Sungjoon Park Named Google PhD Fellow
PhD candidate Sungjoon Park from the School of Computing was named a 2019 Google PhD Fellow in the field of natural language processing. The Google PhD fellowship program has recognized and supported outstanding graduate students in computer science and related fields since 2009. Park is one of three Korean students chosen as the recipients of Google Fellowships this year. A total of 54 students across the world in 12 fields were awarded this fellowship. Park’s research on computational psychotherapy using natural language processing (NLP) powered by machine learning earned him this year’s fellowship. He presented of learning distributed representations in Korean and their interpretations during the 2017 Annual Conference of the Association for Computational Linguistics and the 2018 Conference on Empirical Methods in Natural Language Processing. He also applied machine learning-based natural language processing into computational psychotherapy so that a trained machine learning model could categorize client's verbal responses in a counseling dialogue. This was presented at the Annual Conference of the North American Chapter of the Association for Computational Linguistics. More recently, he has been developing on neural response generation model and the prediction and extraction of complex emotion in text, and computational psychotherapy applications.
KAIST-Google Partnership for AI Education and Research
Google has agreed to support KAIST students and professors in the fields of AI research and education. President Sung-Chul Shin and Google Korea Country Director John Lee signed the collaboration agreement during a ceremony on July 19 at KAIST. Under the agreement, Google will fund the Google AI-Focused Research Awards Program, the PhD Fellowship Program, and Student Travel Grants for KAIST. In addition, Google will continue to provide more academic and career building opportunities for students, including Google internship programs. KAIST and Google has been collaborating for years. Professor Steven Whang at the School of Electrical Engineering and Professor Sung Ju Hwang at the School of Computing won the AI-Focused Award in 2018 and conduct their researches on "Improving Generalization and Reliability of Any Deep Neural Networks" and "Automatic and Acitionable Model Analysis for TFX," respectively. Outstanding PhD students have been recognized through the PhD Fellowship Program. However, this new collaboration agreement will focus on research, academic development, and technological innovation in AI. Google plans to support research in the fields of deep learning, cloud machine learning, and voice technologies. Google will fund the development of two educational programs based on Google open source technology each year for two years that will be used in the new AI Graduate School opening for the fall semester. John Lee of Google Korea said, “This partnership lays a solid foundation for deeper collaboration.” President Shin added, “This partnership will not only advance Korea’s global competitiveness in AI-powered industries but also contribute to the global community by nurturing talents in this most extensive discipline.”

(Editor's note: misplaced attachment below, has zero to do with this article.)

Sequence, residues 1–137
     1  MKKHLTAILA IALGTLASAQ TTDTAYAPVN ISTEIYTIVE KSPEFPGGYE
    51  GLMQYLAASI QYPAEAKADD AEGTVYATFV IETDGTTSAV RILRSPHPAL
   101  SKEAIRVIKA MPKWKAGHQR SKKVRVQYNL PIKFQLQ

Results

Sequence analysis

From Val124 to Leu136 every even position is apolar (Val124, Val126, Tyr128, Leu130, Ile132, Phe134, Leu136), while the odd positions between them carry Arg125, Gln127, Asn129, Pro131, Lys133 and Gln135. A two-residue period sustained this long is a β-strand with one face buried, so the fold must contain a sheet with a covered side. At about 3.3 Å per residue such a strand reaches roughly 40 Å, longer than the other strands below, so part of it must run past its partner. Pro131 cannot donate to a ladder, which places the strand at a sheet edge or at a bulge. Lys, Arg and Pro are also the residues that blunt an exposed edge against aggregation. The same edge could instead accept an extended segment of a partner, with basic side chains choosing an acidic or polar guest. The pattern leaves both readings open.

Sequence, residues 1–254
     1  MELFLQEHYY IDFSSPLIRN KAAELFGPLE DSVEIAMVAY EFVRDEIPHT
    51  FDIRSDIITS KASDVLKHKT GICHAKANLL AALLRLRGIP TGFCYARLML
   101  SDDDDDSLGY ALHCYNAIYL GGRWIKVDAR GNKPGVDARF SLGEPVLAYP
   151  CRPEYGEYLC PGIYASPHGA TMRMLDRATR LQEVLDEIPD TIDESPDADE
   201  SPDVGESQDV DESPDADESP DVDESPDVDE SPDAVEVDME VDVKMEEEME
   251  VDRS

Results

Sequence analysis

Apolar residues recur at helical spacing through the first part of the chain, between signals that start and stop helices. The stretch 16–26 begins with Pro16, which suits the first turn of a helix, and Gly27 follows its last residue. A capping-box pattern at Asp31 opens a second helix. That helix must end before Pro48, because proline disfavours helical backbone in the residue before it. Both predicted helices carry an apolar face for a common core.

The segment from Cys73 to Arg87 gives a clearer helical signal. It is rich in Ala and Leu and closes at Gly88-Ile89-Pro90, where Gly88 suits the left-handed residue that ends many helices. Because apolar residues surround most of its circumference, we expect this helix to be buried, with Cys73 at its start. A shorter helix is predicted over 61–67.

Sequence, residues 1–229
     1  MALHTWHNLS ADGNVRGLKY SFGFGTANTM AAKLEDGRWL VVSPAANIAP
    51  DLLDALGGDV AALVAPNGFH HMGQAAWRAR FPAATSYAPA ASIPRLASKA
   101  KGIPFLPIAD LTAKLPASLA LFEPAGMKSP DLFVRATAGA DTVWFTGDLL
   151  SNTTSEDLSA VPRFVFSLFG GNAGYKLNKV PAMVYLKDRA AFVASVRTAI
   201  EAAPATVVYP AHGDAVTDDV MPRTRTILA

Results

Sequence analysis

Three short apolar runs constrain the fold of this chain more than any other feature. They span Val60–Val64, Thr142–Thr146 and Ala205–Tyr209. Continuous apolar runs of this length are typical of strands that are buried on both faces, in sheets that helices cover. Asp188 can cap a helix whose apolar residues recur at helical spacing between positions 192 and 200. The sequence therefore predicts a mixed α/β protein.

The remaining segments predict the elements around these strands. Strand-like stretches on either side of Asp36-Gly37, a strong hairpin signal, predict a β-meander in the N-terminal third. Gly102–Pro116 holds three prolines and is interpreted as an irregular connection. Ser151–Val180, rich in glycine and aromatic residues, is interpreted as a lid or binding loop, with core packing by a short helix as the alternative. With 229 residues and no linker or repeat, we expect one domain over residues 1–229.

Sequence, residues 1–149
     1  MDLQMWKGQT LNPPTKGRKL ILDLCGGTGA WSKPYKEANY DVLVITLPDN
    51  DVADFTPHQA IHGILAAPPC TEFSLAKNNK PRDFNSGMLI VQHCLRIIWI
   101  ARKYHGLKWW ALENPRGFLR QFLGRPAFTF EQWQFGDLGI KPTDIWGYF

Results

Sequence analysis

Sangeun Oh Recognized as a 2017 Google Fellow
Sangeun Oh, a Ph.D. candidate in the School of Computing was selected as a Google PhD Fellow in 2017. He is one of 47 awardees of the Google PhD Fellowship in the world. The Google PhD Fellowship awards students showing outstanding performance in the field of computer science and related research. Since being established in 2009, the program has provided various benefits, including scholarships worth $10,000 USD and one-to-one research discussion with mentors from Google. His research work on a mobile system that allows interactions among various kinds of smart devices was recognized in the field of mobile computing. He developed a mobile platform that allows smart devices to share diverse functions, including logins, payments, and sensors. This technology provides numerous user experiences that existing mobile platforms could not offer. Through cross-device functionality sharing, users can utilize multiple smart devices in a more convenient manner. The research was presented at The Annual International Conference on Mobile Systems, Applications, and Services (MobiSys) of the Association for Computing Machinery in July, 2017. Oh said, “I would like to express my gratitude to my advisor, the professors in the School of Computing, and my lab colleagues. I will devote myself to carrying out more research in order to contribute to society.” His advisor, Insik Shin, a professor in the School of Computing said, “Being recognized as a Google PhD Fellow is an honor to both the student as well as KAIST. I strongly anticipate and believe that Oh will make the next step by carrying out good quality research.”
KAIST's Doctoral Candidate Receives the 2015 Google Ph.D. Fellowship